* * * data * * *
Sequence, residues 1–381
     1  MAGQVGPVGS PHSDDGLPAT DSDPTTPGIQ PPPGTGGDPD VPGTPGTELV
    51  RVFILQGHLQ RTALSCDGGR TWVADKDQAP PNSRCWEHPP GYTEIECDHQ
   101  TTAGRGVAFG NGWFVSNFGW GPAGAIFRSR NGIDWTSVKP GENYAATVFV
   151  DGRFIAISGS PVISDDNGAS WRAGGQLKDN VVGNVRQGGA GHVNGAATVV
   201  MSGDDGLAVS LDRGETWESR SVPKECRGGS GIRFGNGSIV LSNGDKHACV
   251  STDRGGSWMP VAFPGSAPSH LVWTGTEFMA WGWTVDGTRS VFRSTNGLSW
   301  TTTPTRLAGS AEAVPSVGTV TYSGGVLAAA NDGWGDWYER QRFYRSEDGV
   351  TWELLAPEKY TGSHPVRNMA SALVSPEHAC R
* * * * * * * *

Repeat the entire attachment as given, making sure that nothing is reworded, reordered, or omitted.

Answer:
Sequence, residues 1–381
     1  MAGQVGPVGS PHSDDGLPAT DSDPTTPGIQ PPPGTGGDPD VPGTPGTELV
    51  RVFILQGHLQ RTALSCDGGR TWVADKDQAP PNSRCWEHPP GYTEIECDHQ
   101  TTAGRGVAFG NGWFVSNFGW GPAGAIFRSR NGIDWTSVKP GENYAATVFV
   151  DGRFIAISGS PVISDDNGAS WRAGGQLKDN VVGNVRQGGA GHVNGAATVV
   201  MSGDDGLAVS LDRGETWESR SVPKECRGGS GIRFGNGSIV LSNGDKHACV
   251  STDRGGSWMP VAFPGSAPSH LVWTGTEFMA WGWTVDGTRS VFRSTNGLSW
   301  TTTPTRLAGS AEAVPSVGTV TYSGGVLAAA NDGWGDWYER QRFYRSEDGV
   351  TWELLAPEKY TGSHPVRNMA SALVSPEHAC R